I got married and thought I was happy until 2 years later, I learned my wife was cheating on me and I had a breakdown.My PTSD showed its full effects and I went home to Dallas, divorcing the woman I though loved me and seeing the harshness of life in it's true colors. I think this was one of the major steps toward manhood.

Now, 3 years later, I am remarried, this time to a wonderful Christian woman who supports me in my daily walk and am happy, even during stressful and difficult times in my life.

I think that I have learned something, manhood is a journey, it's a daily walk with God and with those we choose to live with. weather we are maturing or not largely depends not on the circumstances of our lives, but by the decisions we make and the company we keep.

So in my next thirty years, I will continue along the road I am now on and will continue in God's walk.

20 November 2009

Integrity...A question of it.

I guess the question breaks down to this. If you place my integrity as a high priority in life, should you work for a company that has a very clear willingness to set aside integrity for a few dollars? I have a friend who brought this to me after he faced this and while there have not been any integrity violations that he knows of actually carried through, it often seems as if the only reason they weren't was implementation difficulties. A few time his supervisor has spoke up with moral objections, knowing that he had these objections as well. He has also overheard one of the executives say that he is not comfortable with lying to the customer, but then he have heard another more senior executive instructing the teams to lie to customers. So this leaves me in a lurch...do I suggest he look elsewhere for work or push for changes from the inside?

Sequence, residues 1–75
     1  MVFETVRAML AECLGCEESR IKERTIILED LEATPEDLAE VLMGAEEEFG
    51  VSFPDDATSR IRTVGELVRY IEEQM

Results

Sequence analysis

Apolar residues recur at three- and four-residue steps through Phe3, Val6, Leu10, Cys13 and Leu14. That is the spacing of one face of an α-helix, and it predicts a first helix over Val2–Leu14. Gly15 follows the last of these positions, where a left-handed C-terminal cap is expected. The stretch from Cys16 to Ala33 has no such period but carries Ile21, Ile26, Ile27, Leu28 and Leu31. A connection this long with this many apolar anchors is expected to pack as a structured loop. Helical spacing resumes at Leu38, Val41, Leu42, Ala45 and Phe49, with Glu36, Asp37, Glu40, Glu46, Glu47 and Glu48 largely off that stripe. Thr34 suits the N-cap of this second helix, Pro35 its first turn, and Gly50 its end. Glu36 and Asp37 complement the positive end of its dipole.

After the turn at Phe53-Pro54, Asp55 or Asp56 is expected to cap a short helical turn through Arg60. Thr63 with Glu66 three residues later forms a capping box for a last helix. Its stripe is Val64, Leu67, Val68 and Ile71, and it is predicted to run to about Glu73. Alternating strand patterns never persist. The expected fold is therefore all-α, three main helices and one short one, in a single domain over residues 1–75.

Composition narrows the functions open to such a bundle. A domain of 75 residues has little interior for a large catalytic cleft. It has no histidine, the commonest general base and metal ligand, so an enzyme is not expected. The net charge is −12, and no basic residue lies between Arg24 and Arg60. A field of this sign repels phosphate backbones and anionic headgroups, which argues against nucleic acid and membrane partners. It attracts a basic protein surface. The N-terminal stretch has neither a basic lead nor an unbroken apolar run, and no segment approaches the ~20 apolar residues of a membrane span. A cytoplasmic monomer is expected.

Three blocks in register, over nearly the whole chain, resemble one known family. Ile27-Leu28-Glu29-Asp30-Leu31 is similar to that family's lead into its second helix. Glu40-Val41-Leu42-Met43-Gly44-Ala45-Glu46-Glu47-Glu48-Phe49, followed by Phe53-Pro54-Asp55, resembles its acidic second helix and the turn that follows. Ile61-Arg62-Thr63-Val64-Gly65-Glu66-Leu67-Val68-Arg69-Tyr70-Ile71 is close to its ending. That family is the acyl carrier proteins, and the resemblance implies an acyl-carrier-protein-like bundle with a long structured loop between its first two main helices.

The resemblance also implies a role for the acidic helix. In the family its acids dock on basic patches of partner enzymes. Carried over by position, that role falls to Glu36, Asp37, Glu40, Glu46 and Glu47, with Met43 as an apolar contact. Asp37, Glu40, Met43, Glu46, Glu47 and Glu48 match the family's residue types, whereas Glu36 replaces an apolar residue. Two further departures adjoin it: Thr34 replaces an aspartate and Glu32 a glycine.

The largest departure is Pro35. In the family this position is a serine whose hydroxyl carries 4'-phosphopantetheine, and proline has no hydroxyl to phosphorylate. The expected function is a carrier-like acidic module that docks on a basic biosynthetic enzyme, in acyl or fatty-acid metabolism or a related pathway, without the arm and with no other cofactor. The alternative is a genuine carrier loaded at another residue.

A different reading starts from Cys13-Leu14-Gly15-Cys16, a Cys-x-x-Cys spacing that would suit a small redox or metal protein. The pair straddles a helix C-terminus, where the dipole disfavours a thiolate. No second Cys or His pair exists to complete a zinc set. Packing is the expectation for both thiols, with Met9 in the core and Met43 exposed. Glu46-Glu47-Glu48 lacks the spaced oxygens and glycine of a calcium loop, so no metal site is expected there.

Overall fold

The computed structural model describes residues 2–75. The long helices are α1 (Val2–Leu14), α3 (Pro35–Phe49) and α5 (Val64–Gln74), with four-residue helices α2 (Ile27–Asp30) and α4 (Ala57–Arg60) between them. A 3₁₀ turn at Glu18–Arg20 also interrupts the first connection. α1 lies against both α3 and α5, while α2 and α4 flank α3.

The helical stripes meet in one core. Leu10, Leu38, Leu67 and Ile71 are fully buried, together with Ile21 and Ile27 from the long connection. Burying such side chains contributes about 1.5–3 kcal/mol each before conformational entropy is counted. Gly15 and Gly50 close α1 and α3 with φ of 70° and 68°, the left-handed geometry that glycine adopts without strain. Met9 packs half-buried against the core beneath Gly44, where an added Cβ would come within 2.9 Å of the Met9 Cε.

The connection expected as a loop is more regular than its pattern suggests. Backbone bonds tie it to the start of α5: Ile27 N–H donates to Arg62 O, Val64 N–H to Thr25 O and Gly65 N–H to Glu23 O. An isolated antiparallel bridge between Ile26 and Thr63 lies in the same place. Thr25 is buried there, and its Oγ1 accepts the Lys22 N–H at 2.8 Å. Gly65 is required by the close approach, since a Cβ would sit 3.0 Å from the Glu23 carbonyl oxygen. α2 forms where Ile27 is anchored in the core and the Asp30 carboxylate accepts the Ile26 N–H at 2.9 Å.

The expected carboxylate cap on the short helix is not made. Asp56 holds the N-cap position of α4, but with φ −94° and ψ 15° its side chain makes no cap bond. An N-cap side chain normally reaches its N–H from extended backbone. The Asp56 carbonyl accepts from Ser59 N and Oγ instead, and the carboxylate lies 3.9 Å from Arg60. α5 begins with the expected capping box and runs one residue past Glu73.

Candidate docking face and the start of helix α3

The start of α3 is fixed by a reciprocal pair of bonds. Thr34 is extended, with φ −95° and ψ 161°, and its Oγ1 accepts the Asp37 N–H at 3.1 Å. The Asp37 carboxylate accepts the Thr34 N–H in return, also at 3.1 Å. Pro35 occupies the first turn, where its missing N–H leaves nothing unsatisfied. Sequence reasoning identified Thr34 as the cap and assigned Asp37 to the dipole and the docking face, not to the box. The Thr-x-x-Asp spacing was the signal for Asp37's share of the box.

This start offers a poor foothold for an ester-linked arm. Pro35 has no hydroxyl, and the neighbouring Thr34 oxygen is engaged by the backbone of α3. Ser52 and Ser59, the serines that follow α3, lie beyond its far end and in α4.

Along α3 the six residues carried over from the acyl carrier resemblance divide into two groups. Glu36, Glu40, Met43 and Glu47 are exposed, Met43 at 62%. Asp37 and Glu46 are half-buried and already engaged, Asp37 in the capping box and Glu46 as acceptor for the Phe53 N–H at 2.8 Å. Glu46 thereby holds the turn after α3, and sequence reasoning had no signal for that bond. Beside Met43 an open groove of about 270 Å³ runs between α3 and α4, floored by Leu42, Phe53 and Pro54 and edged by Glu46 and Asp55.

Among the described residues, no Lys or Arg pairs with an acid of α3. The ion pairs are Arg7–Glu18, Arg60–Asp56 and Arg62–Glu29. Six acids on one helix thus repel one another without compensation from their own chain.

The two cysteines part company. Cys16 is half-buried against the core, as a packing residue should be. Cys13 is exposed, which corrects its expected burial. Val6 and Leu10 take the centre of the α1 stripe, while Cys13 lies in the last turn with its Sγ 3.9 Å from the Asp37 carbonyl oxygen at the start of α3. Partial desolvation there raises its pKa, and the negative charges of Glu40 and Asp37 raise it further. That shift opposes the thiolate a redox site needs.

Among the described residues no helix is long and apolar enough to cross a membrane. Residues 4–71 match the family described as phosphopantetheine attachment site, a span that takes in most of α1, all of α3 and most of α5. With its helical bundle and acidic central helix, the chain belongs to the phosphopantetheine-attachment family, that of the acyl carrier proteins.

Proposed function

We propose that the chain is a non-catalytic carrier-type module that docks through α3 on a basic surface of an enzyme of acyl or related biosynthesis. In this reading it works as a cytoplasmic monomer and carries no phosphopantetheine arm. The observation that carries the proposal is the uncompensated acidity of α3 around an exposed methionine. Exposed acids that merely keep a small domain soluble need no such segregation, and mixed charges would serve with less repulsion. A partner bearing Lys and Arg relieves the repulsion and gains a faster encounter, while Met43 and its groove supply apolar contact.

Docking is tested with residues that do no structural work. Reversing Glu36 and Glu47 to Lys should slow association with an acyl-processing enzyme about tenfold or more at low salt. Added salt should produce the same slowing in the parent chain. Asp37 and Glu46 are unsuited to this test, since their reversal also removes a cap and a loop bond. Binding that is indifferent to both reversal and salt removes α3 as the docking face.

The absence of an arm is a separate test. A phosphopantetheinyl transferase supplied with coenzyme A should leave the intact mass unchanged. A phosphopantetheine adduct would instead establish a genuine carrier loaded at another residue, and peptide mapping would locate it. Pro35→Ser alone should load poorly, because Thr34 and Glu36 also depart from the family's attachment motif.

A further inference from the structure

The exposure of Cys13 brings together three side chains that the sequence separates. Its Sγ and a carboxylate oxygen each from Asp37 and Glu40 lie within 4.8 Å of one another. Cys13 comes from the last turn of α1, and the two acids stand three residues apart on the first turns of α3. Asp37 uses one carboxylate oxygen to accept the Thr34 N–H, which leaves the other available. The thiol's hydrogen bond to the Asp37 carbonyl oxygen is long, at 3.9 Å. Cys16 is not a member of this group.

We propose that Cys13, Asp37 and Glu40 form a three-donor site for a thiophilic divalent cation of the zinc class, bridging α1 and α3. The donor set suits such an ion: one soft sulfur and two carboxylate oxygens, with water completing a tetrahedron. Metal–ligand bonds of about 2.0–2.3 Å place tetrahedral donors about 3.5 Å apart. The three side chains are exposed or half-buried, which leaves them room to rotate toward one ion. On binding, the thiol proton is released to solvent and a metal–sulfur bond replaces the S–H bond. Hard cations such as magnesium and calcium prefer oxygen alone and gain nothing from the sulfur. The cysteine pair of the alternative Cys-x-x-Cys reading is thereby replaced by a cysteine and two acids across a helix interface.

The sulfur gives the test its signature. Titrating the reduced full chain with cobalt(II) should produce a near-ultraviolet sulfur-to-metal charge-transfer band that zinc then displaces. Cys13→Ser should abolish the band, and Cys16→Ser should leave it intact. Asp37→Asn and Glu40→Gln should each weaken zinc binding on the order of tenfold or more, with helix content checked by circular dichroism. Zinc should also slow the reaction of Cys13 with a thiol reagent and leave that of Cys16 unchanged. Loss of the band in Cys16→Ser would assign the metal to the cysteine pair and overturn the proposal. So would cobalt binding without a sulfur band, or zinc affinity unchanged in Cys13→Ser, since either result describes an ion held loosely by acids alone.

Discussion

This is a situation many Christians face an a daily basis and I am hoping someone can help me with advising my friend. By the way I have made it a point to keep this very anonymous in case this question goes beyond this blog.

18 November 2009

Interests....do they work against or for my calling?

      Some of you know my big interests, others don't. I'll fill you in. I've been a haunted house fan/actor/designer/anything else since I was 14, I love them and have a blast doing them. Role Playing Games, by this I mean Dungeons and Dragons, Deadlands, and other table top games, but loosely include Larps and Miniature gaming. I am also starting to play Necromunda. And lastly, Steampunk. The music and the fashion/cosplay DIY attitude.

       Let me break down my thoughts here. First thing, the Haunted Houses. I enjoy working on them, building them, acting in them, and making people jump. I have in the past played almost any type of character you can think of, but this year I turned down a lead role in a haunt at Richard Garriot's property because they were using a Demon Summoning theme. The industry as a whole has moved away from demons, they are nothing but trouble. They give religious activists something to strike at and cost too much time and money to do. The industry has recognized that insane people, gore, zombies, and vampires are more scary anyways. Themes tend more toward the living dead than the demon, more the asylum than the satanist lair. I never do anything that I feel is against my faith..period, but some people look at simply being involved in a Halloween industry as bad.